},
            writer: {
                type: 'json'
            }
        }
    });

The REST service provides the @TopLevelEntries – this is the number of documents in the view


{
    "@timestamp":"2013-03-02T16:09:08Z",
    "@toplevelentries":1299,  // <----------
    "items":
    [
      {
          "@entryid":"1-66F3A5FE2B2A38CC85257B1B00254E6D",
          "@position":"1",
          "firstname":"Adam",
          "lastname":"Saenz",
          "address":"2519 Custer Street",
          "city":"ROCKWOOD (SOMERSET)",
          etc etc,

We then need to add the code to the EXT.require to include the Paging toolbar

Ext.require([
             	'Ext.data.*',
             	'Ext.grid.*',
                'Ext.toolbar.Paging',
         ]);

and finally add the toolbar to the grid itself by adding it as a property after the columns

        // paging bar on the bottom
        bbar: Ext.create('Ext.PagingToolbar', {
            store: store,
            displayInfo: true,
            displayMsg: 'Displaying topics {0} - {1} of {2}',
            emptyMsg: "No topics to display"
        })

And that’s it.

ext41

The 1 of 52 is calculated by the grid 1299 documents divided by 25 documents at a time = 52 pages

Custom Control update

We can add the pager to the XPages Custom Control in the same way as previously described in the last article – but in the case we need to add another property – how many documents per page instead of how many documents for the overall feed.

        proxy: {
		            type: 'rest',
		            url: '#{javascript:facesContext.getExternalContext().getRequest().getRequestURI()+"/ccREST?count="+compositeData.countNum}',
		            reader: {
		                type: 'json',
		                root: 'items',
		                totalProperty : '@toplevelentries'
		            },
<xe:restService pathInfo="ccREST" id="restServe1" >
	<xe:this.service>
		<xe:viewItemFileService  defaultColumns="true" viewName="${javascript:compositeData.theViewName}"></xe:viewItemFileService>
	</xe:this.service>
</xe:restService>

ext42

In this case you can see we are using the whole ByFirstName view and the generic Custom Control displayed all the columns successfully !

This Custom Control is available in the download database (ccEXTJSGridwithPager)

EXTJS in XPages #3 – Creating a basic grid from a Custom Control

In this article I will demonstrate how to create an EXTJS grid representation of a view using a custom control and 3 custom properties. At the end of this article you will be able to drag and drop a custom control onto your XPage, give it the count, the viewName and the name of the placement element and a grid will be created for you without any further coding.

Introduction

In XPages we want to be able to genericize everything down to a re-usable custom control and in this example I will show you how to add a grid to your XPage doing just that. The following XPage source code is all that is needed to create this basic grid capability.

<?xml version="1.0" encoding="UTF-8"?>
<xp:view xmlns:xp="http://www.ibm.com/xsp/core" xmlns:xc="http://www.ibm.com/xsp/custom">

	<xc:ccBasicExtJSGrid countNum="10" putGridHere="gridHere" theViewName="ByName-First5Col" ></xc:ccBasicExtJSGrid>

	<div id="gridHere" class="extjsGrid"></div>

</xp:view>

Demonstration

The EXTJS in XPages demonstration database can be found at http://demo.xomino.com/xomino/extjs.nsf

Download

The sample database that will accompany this series is  available from the menu in the live demo database from this link – http://demo.xomino.com/xomino/Extjs.nsf

The Custom Control

The Custom Control is created with 3 Properties which are populated when it is added to the XPage. You add it to your XPage by dragging and dropping and adding the 3 properties:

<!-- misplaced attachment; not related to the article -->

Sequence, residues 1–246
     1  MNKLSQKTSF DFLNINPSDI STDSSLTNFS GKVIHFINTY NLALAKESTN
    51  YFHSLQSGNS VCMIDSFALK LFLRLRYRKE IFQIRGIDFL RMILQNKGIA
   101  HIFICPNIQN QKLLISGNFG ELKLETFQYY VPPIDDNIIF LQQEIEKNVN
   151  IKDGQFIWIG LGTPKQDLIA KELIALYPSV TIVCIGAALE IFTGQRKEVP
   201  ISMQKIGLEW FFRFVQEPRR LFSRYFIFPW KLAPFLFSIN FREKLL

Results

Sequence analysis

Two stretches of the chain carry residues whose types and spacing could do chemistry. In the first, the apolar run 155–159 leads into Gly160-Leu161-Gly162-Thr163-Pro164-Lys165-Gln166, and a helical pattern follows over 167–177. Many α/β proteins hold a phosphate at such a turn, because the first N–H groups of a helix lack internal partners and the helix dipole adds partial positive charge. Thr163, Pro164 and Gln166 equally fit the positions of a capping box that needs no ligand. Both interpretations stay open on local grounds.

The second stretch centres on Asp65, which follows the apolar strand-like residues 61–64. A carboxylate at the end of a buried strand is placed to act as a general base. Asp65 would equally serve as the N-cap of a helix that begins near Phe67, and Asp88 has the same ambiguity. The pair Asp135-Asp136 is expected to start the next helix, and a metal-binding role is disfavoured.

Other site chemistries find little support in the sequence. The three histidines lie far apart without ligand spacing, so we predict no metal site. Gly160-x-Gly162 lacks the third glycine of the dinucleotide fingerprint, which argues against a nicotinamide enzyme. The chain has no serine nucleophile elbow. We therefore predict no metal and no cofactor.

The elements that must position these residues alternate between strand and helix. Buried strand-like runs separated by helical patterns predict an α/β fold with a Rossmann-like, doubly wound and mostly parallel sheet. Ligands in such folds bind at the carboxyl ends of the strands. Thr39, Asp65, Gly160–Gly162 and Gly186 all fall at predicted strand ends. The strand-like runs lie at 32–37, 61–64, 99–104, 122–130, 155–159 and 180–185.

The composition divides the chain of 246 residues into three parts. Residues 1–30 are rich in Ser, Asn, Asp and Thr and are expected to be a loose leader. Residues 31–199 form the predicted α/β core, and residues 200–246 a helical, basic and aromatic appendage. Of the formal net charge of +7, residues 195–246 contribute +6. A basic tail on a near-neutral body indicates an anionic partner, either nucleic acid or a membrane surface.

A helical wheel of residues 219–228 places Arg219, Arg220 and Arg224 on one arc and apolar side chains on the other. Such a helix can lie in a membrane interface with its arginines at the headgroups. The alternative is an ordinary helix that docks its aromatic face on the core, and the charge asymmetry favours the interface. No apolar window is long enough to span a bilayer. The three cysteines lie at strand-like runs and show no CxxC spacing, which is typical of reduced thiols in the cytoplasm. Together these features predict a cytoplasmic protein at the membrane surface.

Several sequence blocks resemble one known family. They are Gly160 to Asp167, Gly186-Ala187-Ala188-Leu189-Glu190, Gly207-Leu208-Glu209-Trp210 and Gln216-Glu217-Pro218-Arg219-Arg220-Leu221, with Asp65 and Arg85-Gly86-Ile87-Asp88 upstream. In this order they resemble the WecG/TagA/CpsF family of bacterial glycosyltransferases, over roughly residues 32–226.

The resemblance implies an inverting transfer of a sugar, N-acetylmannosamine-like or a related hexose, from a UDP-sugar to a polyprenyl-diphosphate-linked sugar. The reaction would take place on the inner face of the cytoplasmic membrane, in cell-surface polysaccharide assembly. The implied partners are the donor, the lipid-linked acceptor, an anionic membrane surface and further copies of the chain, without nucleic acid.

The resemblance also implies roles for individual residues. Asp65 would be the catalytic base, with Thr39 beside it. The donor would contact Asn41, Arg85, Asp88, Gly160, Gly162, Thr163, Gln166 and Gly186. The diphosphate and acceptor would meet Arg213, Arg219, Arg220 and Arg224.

xt31

The View

The view ByName-First5Col is a simple view of 5 columns containing a single field in each column but as we will see this control will handle any number of columns.

ext32

The code

The end result is to create the JavaScript necessary to create a Basic grid in the same fashion as I did in the first article. But in this case we are not providing the column names or headers, we are programmatically getting them from the view itself.

The fields are created by going to the view and getting the columns and then of those, the item name (nvc.getItemName())

var fields=[
		#{javascript:
				var view:NotesView = database.getView(compositeData.theViewName)	//get the view
				var msg=[];
				for (var i=1; i<view.getColumnCount()+1; i++){
					var nvc:NotesViewColumn = view.getColumn(i);			//get each view column in turn
					msg.push('\''+nvc.getItemName()+'\'')				//get the column programmatic name
				}
				return msg.join(',')							//return the string of fields
		}
	]

The columns are created in the same maner but instead of getting just the column Item Name we get the column Title (nvc.getTitle() as well)

var columns=[
	#{javascript:
			var view:NotesView = database.getView(compositeData.theViewName)
			var msg=[];
			for (var i=1; i<view.getColumnCount()+1; i++){
				var nvc:NotesViewColumn = view.getColumn(i);
				//Create the JSON object containing the column programmatic name and the column title form the view
				msg.push('{header: \''+nvc.getTitle()+'\', sortable: true, dataIndex: \''+nvc.getItemName()+'\'}')
			}
			return msg.join(',')
		}
	]

I added the REST control to the Custom Control itself for simplicity and to make it more portable. This does have the restriction (at this time) of only having one grid on a page at a time. The pathInfo and id of a REST control cannot apparently be computed at build time so I have to keep them static. I am sure there is a way around it…in the mean time the viewName is passed in via compositeData as well as the count. As I think about it you could probably give control to the user using scoped variables and have them select the number of documents displayed…but that is for later.

	<xe:restService pathInfo="ccREST" id="restServe1" >
		<xe:this.service>
			<xe:viewJsonService defaultColumns="true" count="${javascript:compositeData.countNum}" viewName="${javascript:compositeData.theViewName}"></xe:viewJsonService>
		</xe:this.service>
	</xe:restService>

The viewName is also passed into the EXTJS code so that it knows where to look for the REST service on the page.